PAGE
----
A reduction in full time employees (FTE) employees during the Covered Period reduces the loan forgiveness amount by the same percentage as the percentage reduction in FTE employees. If the average number of FTE employees during the Covered Period is less than during the reference period, the total eligible expenses available for forgiveness is reduced proportionally by the percentage reduction in FTE employees.
A business owner with a PPP loan of $50,000 or less is exempt from any reductions in the borrower’s loan forgiveness amount based on reductions in FTE employees unless the borrower together with its affiliates received First Draw PPP Loans totaling $2 million or more or Second Draw PPP Loans totaling $2 million or more.
What if I cut employee salaries?
The Act also reduces loan forgiveness if an employer cuts employee compensation.
To get its baseline compensation figure, an employer should include all salaries and wages for employees up to $100,000 (the maximum amount of an employee’s compensation that an employer may count for monthly payroll purposes).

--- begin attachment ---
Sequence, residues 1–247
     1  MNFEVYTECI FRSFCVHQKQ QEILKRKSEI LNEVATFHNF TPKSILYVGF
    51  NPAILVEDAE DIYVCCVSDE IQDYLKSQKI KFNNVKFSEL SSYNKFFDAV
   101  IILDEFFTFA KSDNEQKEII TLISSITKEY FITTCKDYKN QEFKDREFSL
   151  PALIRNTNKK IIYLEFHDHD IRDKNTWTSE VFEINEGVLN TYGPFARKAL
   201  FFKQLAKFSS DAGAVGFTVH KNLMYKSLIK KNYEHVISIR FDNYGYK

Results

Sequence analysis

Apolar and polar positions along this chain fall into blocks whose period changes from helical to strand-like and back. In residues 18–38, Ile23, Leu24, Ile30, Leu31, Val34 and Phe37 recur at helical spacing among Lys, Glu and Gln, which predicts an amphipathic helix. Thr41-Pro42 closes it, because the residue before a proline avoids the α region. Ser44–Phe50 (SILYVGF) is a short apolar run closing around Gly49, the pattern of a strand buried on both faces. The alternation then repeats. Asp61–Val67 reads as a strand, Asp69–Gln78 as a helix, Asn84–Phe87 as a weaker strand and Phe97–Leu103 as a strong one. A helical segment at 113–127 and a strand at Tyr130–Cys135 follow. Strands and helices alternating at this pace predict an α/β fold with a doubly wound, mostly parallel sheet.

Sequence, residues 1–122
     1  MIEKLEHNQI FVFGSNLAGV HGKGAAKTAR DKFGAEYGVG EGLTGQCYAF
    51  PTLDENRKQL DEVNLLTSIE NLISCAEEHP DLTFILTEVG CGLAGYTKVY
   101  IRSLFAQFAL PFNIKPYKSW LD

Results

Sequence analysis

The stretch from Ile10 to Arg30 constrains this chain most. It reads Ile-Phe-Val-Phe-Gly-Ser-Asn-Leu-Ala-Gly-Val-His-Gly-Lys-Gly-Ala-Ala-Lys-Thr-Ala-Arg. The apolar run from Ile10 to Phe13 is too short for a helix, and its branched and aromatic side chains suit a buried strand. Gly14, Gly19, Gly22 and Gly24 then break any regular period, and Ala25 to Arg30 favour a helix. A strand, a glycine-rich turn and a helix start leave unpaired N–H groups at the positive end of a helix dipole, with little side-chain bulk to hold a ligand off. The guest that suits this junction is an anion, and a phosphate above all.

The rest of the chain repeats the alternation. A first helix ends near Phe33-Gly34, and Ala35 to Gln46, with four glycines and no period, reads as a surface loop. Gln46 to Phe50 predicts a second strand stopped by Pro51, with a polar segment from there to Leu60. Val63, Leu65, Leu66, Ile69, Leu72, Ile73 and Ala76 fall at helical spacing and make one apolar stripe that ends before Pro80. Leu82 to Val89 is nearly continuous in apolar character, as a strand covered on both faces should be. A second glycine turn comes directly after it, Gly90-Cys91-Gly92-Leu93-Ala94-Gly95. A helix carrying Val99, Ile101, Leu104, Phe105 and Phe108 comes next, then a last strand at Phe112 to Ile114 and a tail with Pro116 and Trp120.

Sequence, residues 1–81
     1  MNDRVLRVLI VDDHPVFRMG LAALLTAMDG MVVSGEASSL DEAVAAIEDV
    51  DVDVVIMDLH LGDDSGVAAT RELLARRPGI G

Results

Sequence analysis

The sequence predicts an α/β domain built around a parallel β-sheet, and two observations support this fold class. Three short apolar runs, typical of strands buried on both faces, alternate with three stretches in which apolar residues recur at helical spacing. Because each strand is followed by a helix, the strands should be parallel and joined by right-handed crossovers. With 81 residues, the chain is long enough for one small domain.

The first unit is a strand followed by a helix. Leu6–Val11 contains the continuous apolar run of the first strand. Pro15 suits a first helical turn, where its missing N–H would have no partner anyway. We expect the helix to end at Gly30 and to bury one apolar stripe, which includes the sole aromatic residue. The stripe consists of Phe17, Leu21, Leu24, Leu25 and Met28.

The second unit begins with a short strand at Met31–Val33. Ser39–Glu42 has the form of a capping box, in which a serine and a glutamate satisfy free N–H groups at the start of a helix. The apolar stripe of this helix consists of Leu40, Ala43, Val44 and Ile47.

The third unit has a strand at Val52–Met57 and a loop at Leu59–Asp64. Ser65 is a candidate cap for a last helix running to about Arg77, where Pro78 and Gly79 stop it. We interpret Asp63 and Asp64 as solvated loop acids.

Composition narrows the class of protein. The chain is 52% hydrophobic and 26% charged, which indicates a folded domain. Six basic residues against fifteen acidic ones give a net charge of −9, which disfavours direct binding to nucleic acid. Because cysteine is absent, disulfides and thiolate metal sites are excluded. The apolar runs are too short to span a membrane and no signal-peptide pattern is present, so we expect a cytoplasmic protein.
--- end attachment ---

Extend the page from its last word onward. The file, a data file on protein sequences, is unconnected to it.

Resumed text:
If the employer reduces compensation below that number during the eight weeks after getting a loan, forgiveness may be reduced. This reduction is more flexible than the reduction for headcount, as the reduction begins only after the employer reduces compensation by more than 25%.
For a close look at payroll calculation, read Payroll Cost Calculation for Paycheck Protection Program Loans. Information includes what is included in payroll costs and what is excluded along with 5 steps to help you calculate.
How does PPP loan forgiveness affect a tax credit?
You cannot get both a small business loan under the PPP and also claim a tax credit.
If the employer’s employment tax deposits are not sufficient to cover the credit, the employer may receive an advance payment from the IRS by submitting Form 7200 to request an advance payment of employer credits due to COVID-19.
See Claiming CARES Act Tax Credits To Keep Employees for more information.
Why would a PPP forgiveness application get denied?